Peter Worn

Recalling his early days as a paraplanner 20 years ago, Finura Group managing director Peter Worn is shocked that same software remains in use today.

“Things have changed enormously,” he said in a webinar hosted by platform provider Praemium earlier this week.

“What hasn’t changed is the perpetual question we face: Why, in the year 2023, are we still struggling to deliver timely advice? Why is it that, despite living in a world brimming with technological marvels, the delivery of financial advice remains ensnared in a six-hour time frame?”

He said that advisory businesses can utilise technology to make their practices more efficient and simplify the complex processes that are typical in the industry.

The industry has, however, been relatively sluggish in adopting technology to revolutionise advice processes, according to Worn.

“Advice businesses, the war for talent, and the rising costs of having employees is really making it harder and harder for advice businesses to scale than the way that they used to,” he added.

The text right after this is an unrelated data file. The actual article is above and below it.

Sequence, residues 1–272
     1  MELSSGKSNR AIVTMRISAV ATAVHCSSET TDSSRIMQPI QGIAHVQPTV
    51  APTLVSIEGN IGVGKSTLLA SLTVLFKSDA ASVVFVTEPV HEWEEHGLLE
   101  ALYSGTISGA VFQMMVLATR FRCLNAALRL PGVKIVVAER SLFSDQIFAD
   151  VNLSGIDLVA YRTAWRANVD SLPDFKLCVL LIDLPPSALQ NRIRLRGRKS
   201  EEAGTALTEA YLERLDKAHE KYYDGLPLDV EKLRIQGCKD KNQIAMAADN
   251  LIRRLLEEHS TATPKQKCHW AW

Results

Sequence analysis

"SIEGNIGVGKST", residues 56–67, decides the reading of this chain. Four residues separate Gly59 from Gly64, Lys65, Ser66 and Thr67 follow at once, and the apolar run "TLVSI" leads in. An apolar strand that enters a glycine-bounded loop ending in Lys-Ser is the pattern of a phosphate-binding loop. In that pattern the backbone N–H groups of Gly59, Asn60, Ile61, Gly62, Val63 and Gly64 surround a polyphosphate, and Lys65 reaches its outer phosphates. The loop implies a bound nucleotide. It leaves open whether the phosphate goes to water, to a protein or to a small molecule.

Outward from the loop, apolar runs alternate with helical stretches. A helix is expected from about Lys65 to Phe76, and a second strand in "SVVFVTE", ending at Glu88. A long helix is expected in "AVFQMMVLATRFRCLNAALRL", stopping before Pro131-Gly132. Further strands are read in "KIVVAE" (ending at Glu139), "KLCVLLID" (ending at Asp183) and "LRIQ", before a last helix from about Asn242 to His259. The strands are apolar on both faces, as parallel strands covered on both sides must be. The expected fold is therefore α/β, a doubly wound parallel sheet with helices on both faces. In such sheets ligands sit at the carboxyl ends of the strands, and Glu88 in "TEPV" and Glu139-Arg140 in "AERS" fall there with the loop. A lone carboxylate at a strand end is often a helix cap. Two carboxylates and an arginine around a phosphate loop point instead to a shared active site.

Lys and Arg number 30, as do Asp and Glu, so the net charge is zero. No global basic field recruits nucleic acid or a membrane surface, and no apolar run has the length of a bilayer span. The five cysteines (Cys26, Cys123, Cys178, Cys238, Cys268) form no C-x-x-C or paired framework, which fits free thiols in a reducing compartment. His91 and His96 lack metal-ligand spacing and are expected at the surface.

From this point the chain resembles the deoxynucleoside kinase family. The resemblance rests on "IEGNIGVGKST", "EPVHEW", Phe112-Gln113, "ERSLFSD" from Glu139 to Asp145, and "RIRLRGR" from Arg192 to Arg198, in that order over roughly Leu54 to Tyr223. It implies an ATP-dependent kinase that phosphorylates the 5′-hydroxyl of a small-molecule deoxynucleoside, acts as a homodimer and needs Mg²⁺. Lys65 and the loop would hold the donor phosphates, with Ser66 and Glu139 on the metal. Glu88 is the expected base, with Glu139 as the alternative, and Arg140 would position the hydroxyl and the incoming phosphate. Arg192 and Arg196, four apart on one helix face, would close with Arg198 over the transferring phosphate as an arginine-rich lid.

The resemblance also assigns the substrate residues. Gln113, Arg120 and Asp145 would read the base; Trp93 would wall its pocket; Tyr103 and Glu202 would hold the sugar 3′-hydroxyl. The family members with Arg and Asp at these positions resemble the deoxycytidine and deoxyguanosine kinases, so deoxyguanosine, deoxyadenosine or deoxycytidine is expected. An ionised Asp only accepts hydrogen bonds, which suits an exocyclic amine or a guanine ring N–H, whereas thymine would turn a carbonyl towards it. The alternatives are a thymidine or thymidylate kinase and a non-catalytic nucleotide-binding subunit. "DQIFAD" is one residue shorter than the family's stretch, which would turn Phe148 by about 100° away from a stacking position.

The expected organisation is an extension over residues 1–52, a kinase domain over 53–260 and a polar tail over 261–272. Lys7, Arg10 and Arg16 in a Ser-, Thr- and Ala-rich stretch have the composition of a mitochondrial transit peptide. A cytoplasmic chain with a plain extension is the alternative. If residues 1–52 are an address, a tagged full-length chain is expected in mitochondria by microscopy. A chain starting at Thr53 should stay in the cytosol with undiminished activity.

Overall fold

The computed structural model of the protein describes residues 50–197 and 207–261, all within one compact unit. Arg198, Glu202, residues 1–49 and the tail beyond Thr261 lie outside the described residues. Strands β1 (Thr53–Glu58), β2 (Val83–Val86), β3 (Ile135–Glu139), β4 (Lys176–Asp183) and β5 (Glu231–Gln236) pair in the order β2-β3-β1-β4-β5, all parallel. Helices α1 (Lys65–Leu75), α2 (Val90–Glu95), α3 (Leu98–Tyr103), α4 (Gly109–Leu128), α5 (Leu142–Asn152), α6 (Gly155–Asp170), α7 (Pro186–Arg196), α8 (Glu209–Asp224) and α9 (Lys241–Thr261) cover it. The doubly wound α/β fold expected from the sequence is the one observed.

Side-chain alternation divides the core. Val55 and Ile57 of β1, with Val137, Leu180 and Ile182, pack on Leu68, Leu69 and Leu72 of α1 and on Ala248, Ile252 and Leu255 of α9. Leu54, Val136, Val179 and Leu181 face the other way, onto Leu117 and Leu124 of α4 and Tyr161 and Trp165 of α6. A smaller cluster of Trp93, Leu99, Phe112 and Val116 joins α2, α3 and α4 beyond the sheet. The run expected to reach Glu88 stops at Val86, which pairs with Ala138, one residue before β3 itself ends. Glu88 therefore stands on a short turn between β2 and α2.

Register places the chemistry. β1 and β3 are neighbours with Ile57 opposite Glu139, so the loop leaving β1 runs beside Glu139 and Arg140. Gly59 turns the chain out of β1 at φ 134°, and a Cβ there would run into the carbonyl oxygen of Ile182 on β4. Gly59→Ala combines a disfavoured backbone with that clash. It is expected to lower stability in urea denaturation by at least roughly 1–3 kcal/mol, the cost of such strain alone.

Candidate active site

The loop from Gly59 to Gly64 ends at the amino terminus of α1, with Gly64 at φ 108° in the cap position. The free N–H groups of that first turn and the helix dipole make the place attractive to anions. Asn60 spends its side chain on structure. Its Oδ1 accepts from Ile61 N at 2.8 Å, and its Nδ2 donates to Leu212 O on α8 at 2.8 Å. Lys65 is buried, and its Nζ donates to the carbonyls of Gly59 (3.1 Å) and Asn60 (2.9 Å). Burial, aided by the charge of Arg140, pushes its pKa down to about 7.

Worn stressed that the allure of tech trends must not overshadow strategic rationale.

“In a relationship-driven industry, it’s common to make an emotional decision due to vendor dissatisfaction or the belief that tech can solve complex issues,” he said.

He then advocated for pragmatic decisions that align with business objectives.

Embrace tech or fall behind

How the industry should use technology and artificial intelligence (AI) – or if it should at all – has been a topic of debate in the advice industry due to the proliferation of AI technology like ChatGPT.

Neilson & Co Wealth managing partner Ben Neilson, told Professional Planner in May that technology and AI will, at best, complement professionals rather than replace them.

Dash CEO Andrew Whelan and paraplanner.ai chief growth officer Alex Gassner said in recent months that AI will be used in the background to support the advice process, leaving human advisers to build client relationships.

Adopting technology is a necessity to stay competitive, according to Worn, but smaller practices will face a significant challenge to do so as a higher proportion of their financial resources will be allocated to technology.